Posted on 26/02/2020 by Breeanna Noske
An assessment of customer-centricity practices and the need to “get back to basics”.
Today’s business world is a more competitive market than ever before. With more and more organisations, sole-traders, entrepreneurs, franchises, and workers entering the market each day, a consumer’s choice is expanding exponentially when it comes to the obtaining of both products and services. Plus, the ease and accessibility to marketing and digital media means consumers are bombarded with advertising daily.
And so, in an effort to stand out from the crowd and to obtain business, companies are having to generate a point of difference. And the general consensus is that good quality customer service and a solid product/service is no longer enough to beat out the competition. No longer are you just solving a consumer’s problem by providing a product or service. Now you must solve your customer’s problem PLUS offer a free set of steak knives.
Discounts. Loyalty programs. Free gifts. Service add-ons. Free trials. Most of the time these initiatives simply improve the customer experience and encourage return business or company loyalty. However, as these practices become more common place, we are witnessing businesses continually attempt to “one-up” both their competitors and themselves in an attempt to win over customers. But at what cost?
What was once new, exciting, fresh and innovative to a customer will soon become the norm. An expectation. Have they seen it before? If so, it no longer generates excitement and awe. Is it worth chasing that customer response by working to innovate and continually offer customers more and more? Are we losing site of our customers’ needs, wants and desires?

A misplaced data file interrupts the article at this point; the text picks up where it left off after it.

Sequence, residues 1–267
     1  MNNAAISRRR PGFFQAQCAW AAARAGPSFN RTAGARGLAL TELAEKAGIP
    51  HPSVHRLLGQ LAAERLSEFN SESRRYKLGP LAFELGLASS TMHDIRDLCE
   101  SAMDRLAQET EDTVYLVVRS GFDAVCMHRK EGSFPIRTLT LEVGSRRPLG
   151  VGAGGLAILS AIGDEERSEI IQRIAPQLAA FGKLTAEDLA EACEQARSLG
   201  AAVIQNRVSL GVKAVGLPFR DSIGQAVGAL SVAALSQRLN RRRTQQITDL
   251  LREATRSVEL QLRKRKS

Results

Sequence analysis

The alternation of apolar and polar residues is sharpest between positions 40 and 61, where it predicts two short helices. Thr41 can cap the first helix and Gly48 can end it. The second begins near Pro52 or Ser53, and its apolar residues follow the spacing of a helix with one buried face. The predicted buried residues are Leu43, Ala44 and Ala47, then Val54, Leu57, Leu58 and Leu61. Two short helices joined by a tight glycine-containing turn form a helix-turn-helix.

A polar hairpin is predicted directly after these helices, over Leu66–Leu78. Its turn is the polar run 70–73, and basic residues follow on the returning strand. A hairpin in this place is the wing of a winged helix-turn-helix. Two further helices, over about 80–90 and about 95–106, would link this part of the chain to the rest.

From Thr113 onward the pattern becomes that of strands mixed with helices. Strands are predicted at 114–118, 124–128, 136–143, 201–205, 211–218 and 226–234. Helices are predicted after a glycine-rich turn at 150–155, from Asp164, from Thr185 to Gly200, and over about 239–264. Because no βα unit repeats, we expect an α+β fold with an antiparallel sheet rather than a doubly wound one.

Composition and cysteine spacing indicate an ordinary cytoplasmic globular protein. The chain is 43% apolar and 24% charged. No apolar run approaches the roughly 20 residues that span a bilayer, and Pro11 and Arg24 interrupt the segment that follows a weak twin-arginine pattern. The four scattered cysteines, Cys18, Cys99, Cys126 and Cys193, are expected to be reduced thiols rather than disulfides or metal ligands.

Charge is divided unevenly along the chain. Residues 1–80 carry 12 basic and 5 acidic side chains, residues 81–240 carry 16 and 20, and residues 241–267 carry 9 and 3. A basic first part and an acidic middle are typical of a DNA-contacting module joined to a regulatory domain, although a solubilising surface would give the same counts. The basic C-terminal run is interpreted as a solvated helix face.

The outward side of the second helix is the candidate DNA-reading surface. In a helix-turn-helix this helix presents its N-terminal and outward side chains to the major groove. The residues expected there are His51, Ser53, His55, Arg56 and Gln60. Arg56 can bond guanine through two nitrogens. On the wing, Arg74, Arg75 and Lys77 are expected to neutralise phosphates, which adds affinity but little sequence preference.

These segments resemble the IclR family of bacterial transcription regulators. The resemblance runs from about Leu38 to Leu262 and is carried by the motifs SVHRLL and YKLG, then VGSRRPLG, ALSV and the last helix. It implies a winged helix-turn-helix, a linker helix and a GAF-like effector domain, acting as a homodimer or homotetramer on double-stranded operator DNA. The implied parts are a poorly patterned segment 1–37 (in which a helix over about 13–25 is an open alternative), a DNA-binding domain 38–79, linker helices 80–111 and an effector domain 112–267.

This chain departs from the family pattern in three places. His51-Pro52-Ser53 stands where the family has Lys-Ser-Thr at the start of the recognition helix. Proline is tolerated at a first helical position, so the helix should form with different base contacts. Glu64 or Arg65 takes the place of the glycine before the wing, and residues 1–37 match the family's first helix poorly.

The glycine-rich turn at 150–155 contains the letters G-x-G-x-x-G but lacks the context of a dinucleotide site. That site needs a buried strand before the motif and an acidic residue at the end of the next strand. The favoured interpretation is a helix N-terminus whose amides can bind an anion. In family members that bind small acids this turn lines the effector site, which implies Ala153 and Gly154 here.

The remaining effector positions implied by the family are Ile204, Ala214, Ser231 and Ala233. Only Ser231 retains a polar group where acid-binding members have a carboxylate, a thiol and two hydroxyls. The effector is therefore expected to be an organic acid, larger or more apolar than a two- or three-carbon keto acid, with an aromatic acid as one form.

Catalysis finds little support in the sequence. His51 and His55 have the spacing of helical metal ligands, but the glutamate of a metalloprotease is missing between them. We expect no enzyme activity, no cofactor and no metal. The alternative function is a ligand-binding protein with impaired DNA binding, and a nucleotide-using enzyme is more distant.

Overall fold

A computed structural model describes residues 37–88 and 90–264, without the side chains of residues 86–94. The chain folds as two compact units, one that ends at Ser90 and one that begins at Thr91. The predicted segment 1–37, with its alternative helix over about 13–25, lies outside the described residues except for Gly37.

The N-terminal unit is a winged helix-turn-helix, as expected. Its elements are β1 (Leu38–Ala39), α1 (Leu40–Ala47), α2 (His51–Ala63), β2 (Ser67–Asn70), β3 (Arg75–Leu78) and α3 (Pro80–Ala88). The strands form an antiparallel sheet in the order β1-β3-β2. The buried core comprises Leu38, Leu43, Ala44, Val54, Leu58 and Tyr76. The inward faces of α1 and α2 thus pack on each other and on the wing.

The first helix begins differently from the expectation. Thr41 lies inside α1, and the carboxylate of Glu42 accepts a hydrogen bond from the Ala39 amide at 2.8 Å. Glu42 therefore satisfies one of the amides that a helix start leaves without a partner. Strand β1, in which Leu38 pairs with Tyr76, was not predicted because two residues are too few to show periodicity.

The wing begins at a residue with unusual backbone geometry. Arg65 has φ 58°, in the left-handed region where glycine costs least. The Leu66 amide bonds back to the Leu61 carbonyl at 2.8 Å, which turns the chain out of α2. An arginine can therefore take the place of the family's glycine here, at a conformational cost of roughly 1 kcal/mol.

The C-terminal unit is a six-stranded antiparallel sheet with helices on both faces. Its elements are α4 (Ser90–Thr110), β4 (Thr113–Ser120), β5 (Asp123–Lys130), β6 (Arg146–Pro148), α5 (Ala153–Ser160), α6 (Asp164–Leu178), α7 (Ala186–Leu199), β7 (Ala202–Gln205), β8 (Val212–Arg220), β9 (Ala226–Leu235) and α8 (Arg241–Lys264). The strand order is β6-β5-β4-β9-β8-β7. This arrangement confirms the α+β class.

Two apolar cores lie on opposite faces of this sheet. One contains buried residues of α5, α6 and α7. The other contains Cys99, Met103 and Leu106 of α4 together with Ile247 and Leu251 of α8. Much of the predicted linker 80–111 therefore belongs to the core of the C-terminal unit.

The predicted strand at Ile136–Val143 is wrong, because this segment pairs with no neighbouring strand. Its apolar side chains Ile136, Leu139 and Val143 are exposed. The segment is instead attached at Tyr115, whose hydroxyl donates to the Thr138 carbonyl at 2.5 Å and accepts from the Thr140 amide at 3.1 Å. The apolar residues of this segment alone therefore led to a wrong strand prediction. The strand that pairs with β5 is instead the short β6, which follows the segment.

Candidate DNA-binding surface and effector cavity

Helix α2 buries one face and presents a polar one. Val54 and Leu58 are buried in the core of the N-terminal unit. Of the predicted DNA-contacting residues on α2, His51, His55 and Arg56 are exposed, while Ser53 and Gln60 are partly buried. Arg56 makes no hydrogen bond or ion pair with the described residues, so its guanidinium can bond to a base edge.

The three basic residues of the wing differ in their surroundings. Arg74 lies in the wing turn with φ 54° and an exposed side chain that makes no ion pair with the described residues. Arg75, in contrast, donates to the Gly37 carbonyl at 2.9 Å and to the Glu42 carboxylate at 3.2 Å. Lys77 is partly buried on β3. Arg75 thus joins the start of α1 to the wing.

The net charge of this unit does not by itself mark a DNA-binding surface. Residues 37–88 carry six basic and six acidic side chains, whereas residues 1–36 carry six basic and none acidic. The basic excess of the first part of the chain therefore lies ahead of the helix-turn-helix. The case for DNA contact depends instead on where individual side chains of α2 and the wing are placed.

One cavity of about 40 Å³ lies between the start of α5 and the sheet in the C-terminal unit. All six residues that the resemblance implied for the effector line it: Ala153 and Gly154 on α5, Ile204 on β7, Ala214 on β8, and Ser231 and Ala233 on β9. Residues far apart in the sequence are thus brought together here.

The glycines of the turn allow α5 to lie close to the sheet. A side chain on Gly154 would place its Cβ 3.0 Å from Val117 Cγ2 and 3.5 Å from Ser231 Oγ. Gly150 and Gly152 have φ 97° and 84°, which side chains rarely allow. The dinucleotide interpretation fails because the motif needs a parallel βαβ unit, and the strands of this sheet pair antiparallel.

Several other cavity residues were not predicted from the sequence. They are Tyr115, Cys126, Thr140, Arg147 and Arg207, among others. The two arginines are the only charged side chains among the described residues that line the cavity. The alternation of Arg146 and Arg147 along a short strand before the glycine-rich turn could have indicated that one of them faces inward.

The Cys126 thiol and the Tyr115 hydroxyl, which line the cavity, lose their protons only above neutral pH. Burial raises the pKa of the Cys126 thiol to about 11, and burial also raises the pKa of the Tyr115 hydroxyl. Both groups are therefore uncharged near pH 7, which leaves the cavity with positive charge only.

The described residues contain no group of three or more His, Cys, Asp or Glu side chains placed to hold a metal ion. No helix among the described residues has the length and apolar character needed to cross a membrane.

We recently saw an example of a B2B organisation offering to spend a full day on site shadowing their clients to obtain a deep insight into the organisation prior to commencing their service. It is this kind of add-on or additional service that we tend to question, for its sustainability, its feasibility, and its effectiveness.
Members of our team were lucky to hear Gus Balbontin speak at the most recent RCSA Conference. Gus discussed the notion of an idea vs a customer problem. He warned us not to get too attached to an idea. If you generate an idea for a new service offering or business innovation, consider whether that idea presents the best possible solution to your customer’s problem. Because, as Gus puts it, “most of your ideas are sh*t!” (Read more here)
Fundamentally, customers want their problem solved. And they want it solved with the least amount of hassle and effort (Read more here). They don’t need a set of steak knives. And when excessive and constant innovation adds variety to an organisation, it can often result in overcomplication.
What we should be considering, instead, is a focus on our core services. Providing an outstanding product or service, with a smile, quickly and efficiently. We should focus on removing points of friction within our customers’ journeys and improving their experience rather than just focusing on creating additional ways to serve them.
And the benefit? This approach will turn out to be cheaper for your business and less taxing on your already hard-working employees.
This is, of course, not to discount business diversification. We’ve all heard the Kodak/Fujifilm case studies (If you haven't, read here). We ourselves commenced operations within a new and exciting field in the past 12 months, through the initiation of Entrée Training & Development (offering professional development workshops) to complement our recruitment services to both candidates and clients. But an effort to ensure that your innovation both meets customer demands and is incorporated into your existing service model, rather than adding on top of it, will ensure success.
We highly recommend the TED Talk by Rory Sutherland titled Sweat The Small Stuff (View here). Rory echoes these thoughts by suggesting a focus on the small details rather than large, expensive innovations and initiatives. We are currently advertising a newly created position here at Entrée Recruitment: Candidate Experience Manager. And the focus of this role will be improving upon the small stuff. The little extra add-ons that will enhance our candidates’ experience. Reviewing processes. Implementing additional customer service functions. And we believe these efforts will satisfy our candidates, without the need to completely reinvent the wheel, overhaul our business processes, or start offering a free set of steak knives with each job application. Perhaps we should take Rory Sutherland’s advice and re-name the role “Chief Detail Officer”.
What are your thoughts? Let us know your opinion on customer-centricity practices and the value of “one-upping” yourself and your competitors.